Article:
McNormalizing the McNugget

Food media literacy is essential to health. Achieving both requires not just unpacking the ingredients of foods but also decoding how the messages about them are packaged and delivered for ideological consumption.

McDonald’s is masterful at (among other things) feeding public demand for “behind the scenes” information to dispel rumors about their food products while at the same time downplaying their potential hazards. The promotional video “What are McDonald’s Chicken McNuggets Made Of?” is McDonald’s own mythbusting counterpoint to the widely circulating rumor that they use infamous pink slime in their McNuggets and burgers.

In an effort “to become more transparent,” McDonald’s compensated Grant Imahara (an American electrical engineer, roboticist, and television host best known for his work on the television series MythBustersto take YouTube viewers on a tour of a Tyson chicken factory in Tennessee.  Amy Steward (“Principal Meat Scientist” for Tyson) educates Imahara as they tour one of five plants in the United States that make McNuggets. Take a look:

Some have criticized the video as a slick marketing move that fictionally portrays, at best, an exceptionally pristine processing plant and, at worst, something carefully staged for the cameras. The reality lies probably somewhere between the two.  A media literate viewer has the ability to separate observation from interpretation. In other words, what do we actually see in the video? And what do we infer from what we see in the video? In other words, how do we know what we know? A core question of media literacy education.

The video emphasizes the technical processes (clearly Imahara’s comfort zone as an engineer) yet he behaves more like a boy at an amusement park. Smiling with eyes twinkling, he gazes upon the rows of headless chicken corpses on conveyor posts (animal rights activists, beware) and exclaims: “Amy, this blows my mind! I mean, there are multiple lines of people making cuts on the chicken just like you would at home or just like a butcher would!” Gazing upon a jacuzzi-size mixing vat combining all the ingredients Imahara exclaims: “I can’t stop watching it. It’s like a lava lamp!” It may be worth noting at this point that a classic lava lamp consists of only 5 simple ingredients (water, mineral oil, paraffin wax, and carbon tetrachloride) whereas McNuggets allegedly contain upward of 40 ingredients.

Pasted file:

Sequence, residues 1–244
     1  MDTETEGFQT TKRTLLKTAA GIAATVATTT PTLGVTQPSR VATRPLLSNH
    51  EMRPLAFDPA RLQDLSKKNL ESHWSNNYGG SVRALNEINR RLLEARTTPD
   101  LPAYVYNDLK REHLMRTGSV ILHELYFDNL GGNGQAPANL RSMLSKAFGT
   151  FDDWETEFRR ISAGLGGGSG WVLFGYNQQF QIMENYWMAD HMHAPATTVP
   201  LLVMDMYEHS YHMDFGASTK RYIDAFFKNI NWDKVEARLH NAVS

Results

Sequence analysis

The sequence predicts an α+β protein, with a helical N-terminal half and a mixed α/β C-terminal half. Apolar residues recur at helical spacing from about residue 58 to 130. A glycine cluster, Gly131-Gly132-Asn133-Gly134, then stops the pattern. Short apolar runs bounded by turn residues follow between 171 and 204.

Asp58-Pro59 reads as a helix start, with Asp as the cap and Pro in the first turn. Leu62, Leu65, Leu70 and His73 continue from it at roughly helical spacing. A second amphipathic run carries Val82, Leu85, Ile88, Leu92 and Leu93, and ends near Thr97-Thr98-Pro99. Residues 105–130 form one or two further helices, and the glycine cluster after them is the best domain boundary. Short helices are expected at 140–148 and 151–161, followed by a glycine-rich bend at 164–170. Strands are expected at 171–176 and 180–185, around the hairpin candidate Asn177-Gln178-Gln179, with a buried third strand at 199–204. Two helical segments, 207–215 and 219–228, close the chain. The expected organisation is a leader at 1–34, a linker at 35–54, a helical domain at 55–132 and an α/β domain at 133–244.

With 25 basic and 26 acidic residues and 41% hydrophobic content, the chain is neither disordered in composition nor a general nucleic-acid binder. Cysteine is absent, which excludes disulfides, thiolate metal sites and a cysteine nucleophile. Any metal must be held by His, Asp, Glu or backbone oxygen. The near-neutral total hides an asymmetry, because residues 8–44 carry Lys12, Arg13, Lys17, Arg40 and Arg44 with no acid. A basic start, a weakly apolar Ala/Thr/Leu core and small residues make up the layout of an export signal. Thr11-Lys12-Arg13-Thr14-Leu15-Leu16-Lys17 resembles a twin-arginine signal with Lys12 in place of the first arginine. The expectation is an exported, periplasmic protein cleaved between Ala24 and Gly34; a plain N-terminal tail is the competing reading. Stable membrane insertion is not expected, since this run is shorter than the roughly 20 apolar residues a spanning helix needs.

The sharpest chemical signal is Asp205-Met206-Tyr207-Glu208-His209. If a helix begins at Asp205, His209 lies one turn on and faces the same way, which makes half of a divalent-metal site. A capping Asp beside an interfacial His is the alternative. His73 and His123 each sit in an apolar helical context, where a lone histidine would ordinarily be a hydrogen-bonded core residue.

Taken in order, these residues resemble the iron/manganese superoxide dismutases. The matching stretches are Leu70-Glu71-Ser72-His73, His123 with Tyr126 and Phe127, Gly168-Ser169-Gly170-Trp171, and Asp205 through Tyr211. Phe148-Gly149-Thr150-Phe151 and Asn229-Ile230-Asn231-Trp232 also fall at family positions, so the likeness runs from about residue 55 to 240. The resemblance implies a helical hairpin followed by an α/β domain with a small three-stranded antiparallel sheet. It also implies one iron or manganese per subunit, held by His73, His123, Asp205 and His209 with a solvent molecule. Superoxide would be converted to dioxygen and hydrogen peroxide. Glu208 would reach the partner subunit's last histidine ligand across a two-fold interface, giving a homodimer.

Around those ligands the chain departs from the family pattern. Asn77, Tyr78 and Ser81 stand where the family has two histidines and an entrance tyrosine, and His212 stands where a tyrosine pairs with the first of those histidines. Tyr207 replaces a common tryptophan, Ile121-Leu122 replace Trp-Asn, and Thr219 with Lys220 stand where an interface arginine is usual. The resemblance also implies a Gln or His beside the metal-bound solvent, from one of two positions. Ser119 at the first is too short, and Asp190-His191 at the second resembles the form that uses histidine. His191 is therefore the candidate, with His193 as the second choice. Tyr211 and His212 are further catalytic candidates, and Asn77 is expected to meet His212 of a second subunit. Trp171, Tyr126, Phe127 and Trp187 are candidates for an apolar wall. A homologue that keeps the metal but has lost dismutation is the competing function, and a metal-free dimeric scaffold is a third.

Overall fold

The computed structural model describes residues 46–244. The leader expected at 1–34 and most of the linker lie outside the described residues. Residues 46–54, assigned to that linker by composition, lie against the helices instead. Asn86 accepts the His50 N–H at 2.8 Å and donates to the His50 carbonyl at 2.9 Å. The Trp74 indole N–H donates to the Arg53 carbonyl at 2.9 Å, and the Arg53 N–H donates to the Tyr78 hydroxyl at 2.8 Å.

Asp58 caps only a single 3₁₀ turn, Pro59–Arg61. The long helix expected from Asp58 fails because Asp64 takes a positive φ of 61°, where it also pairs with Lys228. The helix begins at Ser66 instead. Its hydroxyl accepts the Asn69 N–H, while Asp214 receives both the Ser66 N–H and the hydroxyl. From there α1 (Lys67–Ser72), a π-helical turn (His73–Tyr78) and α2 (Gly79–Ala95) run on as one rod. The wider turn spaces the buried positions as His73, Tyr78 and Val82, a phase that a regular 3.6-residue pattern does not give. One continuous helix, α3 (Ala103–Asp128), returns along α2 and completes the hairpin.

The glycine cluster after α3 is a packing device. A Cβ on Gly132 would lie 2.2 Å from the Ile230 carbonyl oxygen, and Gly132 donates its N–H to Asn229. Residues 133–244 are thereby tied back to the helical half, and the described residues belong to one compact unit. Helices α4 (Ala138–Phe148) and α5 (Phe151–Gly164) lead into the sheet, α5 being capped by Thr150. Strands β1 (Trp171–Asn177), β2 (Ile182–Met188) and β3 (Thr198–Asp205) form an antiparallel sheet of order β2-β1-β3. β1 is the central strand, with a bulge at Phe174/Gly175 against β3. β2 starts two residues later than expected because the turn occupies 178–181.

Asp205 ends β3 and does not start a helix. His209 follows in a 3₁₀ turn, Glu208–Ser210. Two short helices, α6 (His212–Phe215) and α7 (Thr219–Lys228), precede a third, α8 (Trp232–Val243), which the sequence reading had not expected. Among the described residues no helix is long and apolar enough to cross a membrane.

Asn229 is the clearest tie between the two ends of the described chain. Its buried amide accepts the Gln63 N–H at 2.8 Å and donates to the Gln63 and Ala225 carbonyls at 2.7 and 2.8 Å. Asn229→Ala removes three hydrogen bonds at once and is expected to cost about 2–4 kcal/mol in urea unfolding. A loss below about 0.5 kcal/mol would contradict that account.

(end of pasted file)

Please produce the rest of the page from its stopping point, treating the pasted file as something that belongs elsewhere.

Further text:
The point of this video, however, isn’t the substance of the McNugget, it is in the steps taken to create an amusing, awe-some visual display to enamor the viewer with extraordinary spectacle while at the same time convincing the viewer that there is nothing out of the ordinary happening in this processing plant. Along those lines, perhaps the video should be re-titled, “The Making of the McNugget.” If only the Internet could transmit scent, then another facet of this story surely would be told: Would we smell something fishy? Even less transparent are the rows and rows of line workers covered in hairnets, scrubs, and donning very sharp knives—no doubt on their feet all day doing monotonous assembly-line work.

Granted, this video is much less disturbing as compared to the R-rated scenes depicted in  Fast Food Nation. Moreover, there is a simplistic Rube Goldberg-like quality in “What are McDonald’s Chicken McNuggets Made Of?” that overshadows the food adulteration committed to achieve the golden nugget at the end of this technological rainbow. It’s as far from a whole food as you can get.

It is worth noting that YouTube viewers commenting on this video confess to eating (more like hedonistically devouring) McNuggets regardless of their ingredients or nutritional composition, which raises additional concerns about human selection of food based primarily (and in this case, exclusively) according to flavor and texture. Preferential treatment, indeed. Surely celebrity chef Jamie Oliver made this point loud and clear when he demonstrated for a group of children  in the United States the gruesome process involved in making chicken nuggets. With this new knowledge of ingredient composition, the children remained unchanged in their voracious appetite for the chicken nugget. (Here is where I cue a re-mix of the “Star Spangled Banner” and McDonald’s “I’m Lovin’ It!” jingle).